Practical Guide to Python

Python Web Frameworks

Practical Guide to Python

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The "Python Web Frameworks" Lesson is part of the full, Practical Guide to Python course featured in this preview video. Here's what you'd learn in this lesson:

Nina introduces the Django and Flask frameworks for Python. Django includes a lot of features out of the box like ORM, user authentication, and content management. Flask allows users to create basic backend APIs easily, but requires third-party packages to extend beyond this basic functionality.


Transcript from the "Python Web Frameworks" Lesson

>> All right, this is it, it's the final countdown, the final stretch we're gonna talk about web frameworks in Python. And then you are going to be a verified Python Pro with this stamp of approval for me personally. So hopefully you're ready, or we're going to use some of the concepts that we learned earlier on to work with a more advanced framework called Django.

Now, what are web frameworks? Well, web frameworks are designed to support creating applications for the web. While simplifying and also extracting away a lot of what happens under the hood. So they're gonna provide you with the plumbing so that you can focus on just building your application. There are two really popular web frameworks in Python, one is Django.

Django is fully featured, it's a high level framework for building web apps, and it focuses on automating and providing as much as possible. Many large scale sites like Instagram, do run on Django, and because Django provides a lot out of the box. It's considered to be quite an opinionated framework, Django builds itself as the web framework for perfectionists with deadlines.

There's quite a bit that's included in Django, there's a database ORM, which is an object relational model. To make working with databases as simple as working with Python instances. There is easy to build upon admin backend interface that makes it easy to manage your content with nice forms with validation and teaming.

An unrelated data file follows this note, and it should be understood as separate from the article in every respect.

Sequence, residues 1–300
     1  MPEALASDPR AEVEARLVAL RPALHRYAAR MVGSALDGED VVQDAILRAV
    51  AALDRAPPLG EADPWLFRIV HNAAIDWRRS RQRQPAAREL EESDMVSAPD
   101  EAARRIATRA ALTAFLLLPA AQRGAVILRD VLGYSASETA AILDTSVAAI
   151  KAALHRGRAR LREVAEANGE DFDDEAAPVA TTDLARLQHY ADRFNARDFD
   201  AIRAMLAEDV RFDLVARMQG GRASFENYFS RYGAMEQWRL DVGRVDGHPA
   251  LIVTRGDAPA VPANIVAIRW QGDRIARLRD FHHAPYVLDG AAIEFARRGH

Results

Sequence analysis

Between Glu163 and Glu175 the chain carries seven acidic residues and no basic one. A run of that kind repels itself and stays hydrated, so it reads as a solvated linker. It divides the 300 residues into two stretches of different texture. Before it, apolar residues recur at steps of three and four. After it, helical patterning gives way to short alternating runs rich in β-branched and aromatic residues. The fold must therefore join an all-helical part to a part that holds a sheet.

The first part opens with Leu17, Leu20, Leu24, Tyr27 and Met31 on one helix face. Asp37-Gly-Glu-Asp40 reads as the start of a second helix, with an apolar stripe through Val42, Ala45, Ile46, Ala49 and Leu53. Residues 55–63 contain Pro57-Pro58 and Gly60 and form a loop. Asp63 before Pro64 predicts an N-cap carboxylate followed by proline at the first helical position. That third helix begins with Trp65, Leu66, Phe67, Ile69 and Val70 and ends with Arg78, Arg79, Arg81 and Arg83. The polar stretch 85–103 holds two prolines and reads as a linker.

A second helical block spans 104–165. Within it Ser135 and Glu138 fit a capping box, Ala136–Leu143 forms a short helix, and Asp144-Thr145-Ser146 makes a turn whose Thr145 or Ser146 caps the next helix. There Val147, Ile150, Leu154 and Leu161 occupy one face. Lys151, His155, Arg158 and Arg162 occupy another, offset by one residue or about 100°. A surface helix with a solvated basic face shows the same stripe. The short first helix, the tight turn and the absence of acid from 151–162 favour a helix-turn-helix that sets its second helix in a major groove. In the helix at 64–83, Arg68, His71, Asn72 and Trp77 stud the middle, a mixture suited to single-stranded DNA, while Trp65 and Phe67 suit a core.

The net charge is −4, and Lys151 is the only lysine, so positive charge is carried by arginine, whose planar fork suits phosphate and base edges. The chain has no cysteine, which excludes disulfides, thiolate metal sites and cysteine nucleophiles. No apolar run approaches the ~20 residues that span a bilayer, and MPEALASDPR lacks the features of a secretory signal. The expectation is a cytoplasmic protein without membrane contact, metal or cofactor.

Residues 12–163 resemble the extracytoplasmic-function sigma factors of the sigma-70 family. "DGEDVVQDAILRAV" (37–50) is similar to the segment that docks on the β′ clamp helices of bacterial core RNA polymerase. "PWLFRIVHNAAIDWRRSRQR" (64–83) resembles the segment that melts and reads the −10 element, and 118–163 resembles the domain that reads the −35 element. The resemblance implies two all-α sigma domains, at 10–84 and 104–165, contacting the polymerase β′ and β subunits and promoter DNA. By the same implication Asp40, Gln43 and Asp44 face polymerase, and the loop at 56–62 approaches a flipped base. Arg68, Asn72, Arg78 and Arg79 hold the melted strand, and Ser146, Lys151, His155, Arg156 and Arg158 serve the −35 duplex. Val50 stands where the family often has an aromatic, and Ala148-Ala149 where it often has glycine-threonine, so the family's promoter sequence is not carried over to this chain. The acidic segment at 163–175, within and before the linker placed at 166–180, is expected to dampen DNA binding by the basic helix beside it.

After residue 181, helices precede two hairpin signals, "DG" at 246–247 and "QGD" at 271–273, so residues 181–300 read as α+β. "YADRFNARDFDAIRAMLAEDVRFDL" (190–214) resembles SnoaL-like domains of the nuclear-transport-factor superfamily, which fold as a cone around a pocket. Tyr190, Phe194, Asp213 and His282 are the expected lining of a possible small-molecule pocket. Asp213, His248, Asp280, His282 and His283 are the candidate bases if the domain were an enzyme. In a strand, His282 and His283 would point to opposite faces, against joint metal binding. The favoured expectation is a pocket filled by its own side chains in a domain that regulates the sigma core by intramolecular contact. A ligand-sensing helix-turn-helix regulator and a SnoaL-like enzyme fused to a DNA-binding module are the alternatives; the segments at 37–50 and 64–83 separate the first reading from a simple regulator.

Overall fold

There is built in user authentication, there's a template language there's protection against common security vulnerabilities and a lot more. And you're probably thinking, well, this all sounds great and it is great until you find yourself needing to do something. That doesn't really fit in the Django paradigm, and that's one thing start to get complex.

To contrast Django, there's another popular framework in Python for the web called Flask. And I would say that Django and Flask share equal popularity, Flask builds itself as a micro framework for Python. It makes it really easy to make basic backend API's and web apps with a lot less code, and a lot less configuration.

I think Flask is easier for beginners to understand and setup and it's a lot less opinionated. The drawback is, if you want to start adding some of these additional components to your app like databases, authentication and other layers. You're gonna need to use plug ins or third party packages because it doesn't provide a lot of these for you out of the box.

If you are not into Flask or Django, you can find a long list of Python Web frameworks at the link here. And for front end integrations with Python, you're not required to use the templating that's built into either Django or Flask. Both frameworks work very well when they're paired with modern front end technologies like react, Angular, and view.

And you can learn a lot about those other frameworks on frontend masters.

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